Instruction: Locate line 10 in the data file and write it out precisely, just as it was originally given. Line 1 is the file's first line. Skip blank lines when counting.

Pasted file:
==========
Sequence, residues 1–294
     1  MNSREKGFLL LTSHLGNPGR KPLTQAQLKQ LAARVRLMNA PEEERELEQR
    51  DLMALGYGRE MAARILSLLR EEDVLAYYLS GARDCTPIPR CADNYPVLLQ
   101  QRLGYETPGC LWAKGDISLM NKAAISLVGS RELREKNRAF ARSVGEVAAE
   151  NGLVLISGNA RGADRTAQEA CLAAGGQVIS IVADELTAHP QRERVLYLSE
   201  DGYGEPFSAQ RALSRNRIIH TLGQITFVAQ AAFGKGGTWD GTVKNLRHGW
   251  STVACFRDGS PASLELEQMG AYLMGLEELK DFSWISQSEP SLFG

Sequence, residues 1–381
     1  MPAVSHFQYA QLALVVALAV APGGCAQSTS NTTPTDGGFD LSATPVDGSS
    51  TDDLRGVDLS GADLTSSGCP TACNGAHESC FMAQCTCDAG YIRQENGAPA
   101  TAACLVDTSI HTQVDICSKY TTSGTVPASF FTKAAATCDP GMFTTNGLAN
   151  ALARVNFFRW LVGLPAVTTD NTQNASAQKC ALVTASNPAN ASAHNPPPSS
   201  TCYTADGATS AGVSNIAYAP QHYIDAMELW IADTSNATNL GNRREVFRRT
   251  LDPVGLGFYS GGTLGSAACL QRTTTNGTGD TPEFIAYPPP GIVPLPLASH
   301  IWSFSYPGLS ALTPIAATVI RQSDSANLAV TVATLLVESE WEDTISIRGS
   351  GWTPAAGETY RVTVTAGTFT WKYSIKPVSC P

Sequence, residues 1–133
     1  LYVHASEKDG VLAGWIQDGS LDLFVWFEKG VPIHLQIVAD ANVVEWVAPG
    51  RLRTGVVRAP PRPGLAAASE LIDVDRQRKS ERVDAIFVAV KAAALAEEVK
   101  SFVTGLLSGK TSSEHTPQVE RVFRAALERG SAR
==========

    51  TDDLRGVDLS GADLTSSGCP TACNGAHESC FMAQCTCDAG YIRQENGAPA